US troops drill in Lithuania as Belarus tensions mount

06 Sep 2020

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Mockava (Lithuania): US Army Abrams tanks of the 2nd Brigade 69th Regiment 2nd Battalion are pictured at Mockava railway station in Lithuania on Saturday.—AFP
Mockava (Lithuania): US Army Abrams tanks of the 2nd Brigade 69th Regiment 2nd Battalion are pictured at Mockava railway station in Lithuania on Saturday.—AFP

VILNIUS/MINSK: Several hundred US troops started arriving in Nato member Lithuania on Saturday for military exercises near the border with Belarus, where tensions are mounting over its disputed presidential election.

More than a dozen Abrams tanks crossed the Lithuanian border from neighbouring Nato part-ner Poland on Saturday afternoon, a photographer said.

The deployment, to last until November, is “pre-planned and not associated with any events in the region,” a Lithuanian defence ministry statement said.

Lithuania took the lead in European diplomacy on Belarus after veteran strongman Alexander Lukashenko was re-elected in an Aug 9 vote that the opposition claims was rigged.

Vilnius has given refuge to opposition challenger Svetlana Tikhanovskaya, who claimed victory in the ballot, and has blacklisted Lukashenko along with Baltic neighbours Estonia and Latvia.

Maintaining that he won the ballot fairly, Luka­shenko has cracked down on an unprecedented wave of mass protests demanding his ouster.

He has also accused the Nato defence alliance of building up forces in Poland and Lithuania along Belarus’s western border.

Warsaw, Vilnius and the Western defence alliance have dubbed these allegations baseless.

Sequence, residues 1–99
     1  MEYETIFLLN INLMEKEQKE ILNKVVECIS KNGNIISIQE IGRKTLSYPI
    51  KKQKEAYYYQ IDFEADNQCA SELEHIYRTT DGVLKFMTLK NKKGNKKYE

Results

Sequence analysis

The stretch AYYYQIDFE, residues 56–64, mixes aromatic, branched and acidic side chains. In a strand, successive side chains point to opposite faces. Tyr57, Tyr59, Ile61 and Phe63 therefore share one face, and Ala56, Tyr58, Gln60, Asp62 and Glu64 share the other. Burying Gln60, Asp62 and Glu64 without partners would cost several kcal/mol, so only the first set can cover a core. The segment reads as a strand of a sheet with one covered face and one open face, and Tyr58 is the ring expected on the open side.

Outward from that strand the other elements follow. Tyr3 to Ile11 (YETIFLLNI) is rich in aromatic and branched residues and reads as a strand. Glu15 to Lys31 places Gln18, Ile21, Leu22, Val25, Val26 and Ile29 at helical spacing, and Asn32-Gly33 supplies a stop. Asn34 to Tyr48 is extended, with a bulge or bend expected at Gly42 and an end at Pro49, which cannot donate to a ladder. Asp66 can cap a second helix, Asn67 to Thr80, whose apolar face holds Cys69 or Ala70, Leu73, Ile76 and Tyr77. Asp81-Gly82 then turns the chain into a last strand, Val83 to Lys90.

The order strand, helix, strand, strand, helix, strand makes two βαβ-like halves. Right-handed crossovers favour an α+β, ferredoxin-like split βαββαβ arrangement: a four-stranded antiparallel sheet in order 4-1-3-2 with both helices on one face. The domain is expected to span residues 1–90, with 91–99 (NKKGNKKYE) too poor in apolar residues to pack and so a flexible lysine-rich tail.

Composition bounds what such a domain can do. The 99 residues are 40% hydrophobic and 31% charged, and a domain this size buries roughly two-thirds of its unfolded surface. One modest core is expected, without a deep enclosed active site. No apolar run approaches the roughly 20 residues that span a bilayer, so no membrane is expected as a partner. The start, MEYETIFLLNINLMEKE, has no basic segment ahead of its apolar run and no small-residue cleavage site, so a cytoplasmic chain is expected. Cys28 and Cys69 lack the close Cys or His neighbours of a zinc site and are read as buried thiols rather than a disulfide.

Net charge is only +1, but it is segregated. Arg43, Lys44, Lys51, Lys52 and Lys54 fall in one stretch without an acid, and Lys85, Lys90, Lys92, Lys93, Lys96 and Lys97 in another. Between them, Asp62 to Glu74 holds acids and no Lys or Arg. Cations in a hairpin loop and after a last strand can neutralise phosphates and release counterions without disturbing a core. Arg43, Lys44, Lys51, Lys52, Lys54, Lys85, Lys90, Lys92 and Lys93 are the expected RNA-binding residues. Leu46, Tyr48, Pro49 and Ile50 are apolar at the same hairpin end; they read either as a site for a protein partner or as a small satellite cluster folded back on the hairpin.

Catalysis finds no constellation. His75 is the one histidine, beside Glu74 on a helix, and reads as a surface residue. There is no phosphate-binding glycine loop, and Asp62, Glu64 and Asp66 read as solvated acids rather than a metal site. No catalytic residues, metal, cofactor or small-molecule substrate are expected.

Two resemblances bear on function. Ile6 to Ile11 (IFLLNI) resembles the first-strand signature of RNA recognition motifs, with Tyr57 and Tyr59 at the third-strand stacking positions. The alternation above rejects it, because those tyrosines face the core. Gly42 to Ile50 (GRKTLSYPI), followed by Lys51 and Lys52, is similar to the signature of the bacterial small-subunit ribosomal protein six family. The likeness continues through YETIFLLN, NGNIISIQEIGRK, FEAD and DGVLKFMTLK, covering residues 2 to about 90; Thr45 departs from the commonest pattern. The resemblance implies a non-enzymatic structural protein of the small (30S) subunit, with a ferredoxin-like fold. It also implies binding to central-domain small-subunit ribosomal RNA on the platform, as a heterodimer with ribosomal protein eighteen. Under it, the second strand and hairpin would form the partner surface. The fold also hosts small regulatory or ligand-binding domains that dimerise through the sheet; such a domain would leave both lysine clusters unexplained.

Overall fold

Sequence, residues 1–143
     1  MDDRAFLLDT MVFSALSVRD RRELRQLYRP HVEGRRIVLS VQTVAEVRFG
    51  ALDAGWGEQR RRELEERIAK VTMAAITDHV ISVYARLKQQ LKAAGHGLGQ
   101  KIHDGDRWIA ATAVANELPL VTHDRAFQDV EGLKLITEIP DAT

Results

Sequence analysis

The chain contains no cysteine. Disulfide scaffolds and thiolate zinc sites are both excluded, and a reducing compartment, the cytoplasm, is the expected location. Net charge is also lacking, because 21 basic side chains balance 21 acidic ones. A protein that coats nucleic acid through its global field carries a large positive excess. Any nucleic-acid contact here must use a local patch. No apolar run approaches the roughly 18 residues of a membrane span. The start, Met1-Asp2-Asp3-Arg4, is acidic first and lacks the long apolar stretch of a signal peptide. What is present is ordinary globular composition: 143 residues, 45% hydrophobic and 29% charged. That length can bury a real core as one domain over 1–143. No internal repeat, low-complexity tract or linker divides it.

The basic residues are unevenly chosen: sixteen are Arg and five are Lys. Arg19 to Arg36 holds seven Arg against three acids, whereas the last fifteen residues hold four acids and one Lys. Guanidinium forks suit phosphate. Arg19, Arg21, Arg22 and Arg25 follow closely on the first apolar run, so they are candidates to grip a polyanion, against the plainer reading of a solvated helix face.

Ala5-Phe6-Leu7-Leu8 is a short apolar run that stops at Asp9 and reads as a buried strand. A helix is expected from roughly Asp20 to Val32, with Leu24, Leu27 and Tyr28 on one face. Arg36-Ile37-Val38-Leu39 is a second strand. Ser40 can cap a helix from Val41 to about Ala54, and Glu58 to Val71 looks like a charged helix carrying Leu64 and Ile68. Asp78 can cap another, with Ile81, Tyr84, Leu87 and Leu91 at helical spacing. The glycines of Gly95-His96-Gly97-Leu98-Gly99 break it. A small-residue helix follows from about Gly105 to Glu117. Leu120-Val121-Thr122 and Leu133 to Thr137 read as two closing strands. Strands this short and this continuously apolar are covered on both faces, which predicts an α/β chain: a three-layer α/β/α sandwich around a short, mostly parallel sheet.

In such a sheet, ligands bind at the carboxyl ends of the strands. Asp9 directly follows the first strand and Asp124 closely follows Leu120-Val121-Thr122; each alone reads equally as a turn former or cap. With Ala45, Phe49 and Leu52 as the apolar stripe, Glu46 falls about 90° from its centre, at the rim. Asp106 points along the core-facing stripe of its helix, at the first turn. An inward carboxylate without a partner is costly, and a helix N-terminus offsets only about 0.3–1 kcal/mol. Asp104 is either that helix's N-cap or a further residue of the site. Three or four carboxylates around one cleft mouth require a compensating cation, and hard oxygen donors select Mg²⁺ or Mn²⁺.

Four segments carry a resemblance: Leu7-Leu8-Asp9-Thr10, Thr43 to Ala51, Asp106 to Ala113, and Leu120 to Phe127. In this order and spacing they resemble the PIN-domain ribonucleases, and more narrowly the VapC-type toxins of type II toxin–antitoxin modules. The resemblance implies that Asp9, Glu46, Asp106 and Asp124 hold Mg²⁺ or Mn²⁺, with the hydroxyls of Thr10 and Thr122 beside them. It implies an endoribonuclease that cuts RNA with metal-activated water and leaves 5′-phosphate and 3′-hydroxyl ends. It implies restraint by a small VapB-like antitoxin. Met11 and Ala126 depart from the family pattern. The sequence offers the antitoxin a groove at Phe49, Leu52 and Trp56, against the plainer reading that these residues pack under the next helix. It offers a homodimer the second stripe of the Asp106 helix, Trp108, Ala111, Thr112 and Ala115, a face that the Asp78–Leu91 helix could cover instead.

Belarus’s Soviet-era master Russia, which has long courted Lukashenko as a buffer against the West, has promised him military support. It is not the first time the US sent a battalion of troops to Lithuania.

During a visit to Vilnius in July, Army Secretary Ryan McCarthy said the United States will continue deploying hundreds of troops for exercises in Lithuania.

Three years ago, Nato deployed permanent troop rotations to Poland and the Baltic states to guard against Russian adventurism on its eastern flank, a region formerly under Moscow’s control and spooked by its 2014 annexation of territory from Ukraine.

Masked security agents dragged students off the streets and bundled them into vans as new protests broke out against Bela­ru­sian President Alexander Lukashenko on Saturday on the fourth weekend since his disputed re-election.

Up to 30 people were detained for taking part in unsanctioned protests, Russian news agency TASS quoted the Minsk police as saying.

Draped in red-and-white opposition flags, students staged protests in several places in the capital, including outside the Minsk State Linguis­tic Institute where police had arrested five people on Friday, local media footage showed.

Elsewhere masked men dragged away students who had gathered at an eatery in Karl Marx Street in the centre of Minsk, while some of the protesters shouted “tribunal!”, according to footage shown by news outlet TUT.BY.

Thousands of women later held a separate march through Minsk in the afternoon, shouting “hands off the children” as one of their slogans.

Published in Dawn, September 6th, 2020